|Can you see Manhattan?|
So, what did we do in Mystic? We stayed at the Mystic Seaport Museum which is really a cool place - much more relaxed than any museum I have been to in a long time. It is a reconstructed nineteenth-century seaport town. It's replete with an apothecary, a maritime general store, a slew of interpreters who pamper you with their stories of sea life, whale blubber stories, and facts about forecastles, moorings, and ghosts. Our crew — including me — slept on the Joseph Conrad — which is a wooden Danish training vessel that at one point sunk — killing twenty-two boys — then resurrected from the sea — then a U.S. President salvaged it and christened it as a National Historic Landmark - so it is permanently moored at the Seaport. I like history, and I like even more how history gets told, gets packaged, and is applied to how we think about the world we live in today. There is the ship Amistad moored at Mystic. It's a slave ship that was the site of a slave rebellion. Today it sits gleaming and speaks of liberty and the promise of change. However, its rewarding story belies the tragedy of the Middle Passage that claimed millions. Mystic also has a reconstructed version of the Mayflower - it is called the Mayflower II, and it is being revamped and polished for a celebration in 2020 celebrating the original ship's voyage four hundred years ago. The kids on our trip know these stories, and they see in these stories a symbol of religious freedom. However, I am confident that the Europeans who came to the New World were not as pure in their pursuit of liberty and the right to equality as we would like to paint them as in the history books. You can also see a whaling ship in Mystic - and if you are a good sailor, you might get to talk to a re-enactor. We met a jolly lady who was presenting herself as an immigrant to Mystic who arrived in the 1870s. She had left Alaska after it was sold by the Russians to the United States. She spoke of her voyage, a trip from the islands of Alaska, down to Panama, through the canal, past Jamaica, and then up the Atlantic coast to Long Island Sound. I liked hanging out with the kids. They're city kids — most of the lot — so they were into running around, kicking a soccer ball on the village green - and feeling the cold October air in their face. It is kinda crazy to be chaperoning twelve-year-old kids for forty-eight hours straight, but I loved their energy. Kids that age are full of energy but no focus. It's refreshing. Hey. If you know all the answers, then you're a fool, right?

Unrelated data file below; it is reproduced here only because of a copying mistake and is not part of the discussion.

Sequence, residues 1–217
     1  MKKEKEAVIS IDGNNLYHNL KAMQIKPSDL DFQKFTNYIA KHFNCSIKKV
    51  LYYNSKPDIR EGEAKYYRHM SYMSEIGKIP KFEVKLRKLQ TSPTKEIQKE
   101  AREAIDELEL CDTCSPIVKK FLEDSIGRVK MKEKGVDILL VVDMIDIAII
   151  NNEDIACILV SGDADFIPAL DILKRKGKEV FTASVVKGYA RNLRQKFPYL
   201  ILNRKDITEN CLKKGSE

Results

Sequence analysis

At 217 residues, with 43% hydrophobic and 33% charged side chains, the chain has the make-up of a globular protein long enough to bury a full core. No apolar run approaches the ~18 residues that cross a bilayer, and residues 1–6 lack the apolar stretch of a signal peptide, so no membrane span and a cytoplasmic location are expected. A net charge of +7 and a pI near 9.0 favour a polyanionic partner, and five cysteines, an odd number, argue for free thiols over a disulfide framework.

Image Source: Greig Roselli © 2018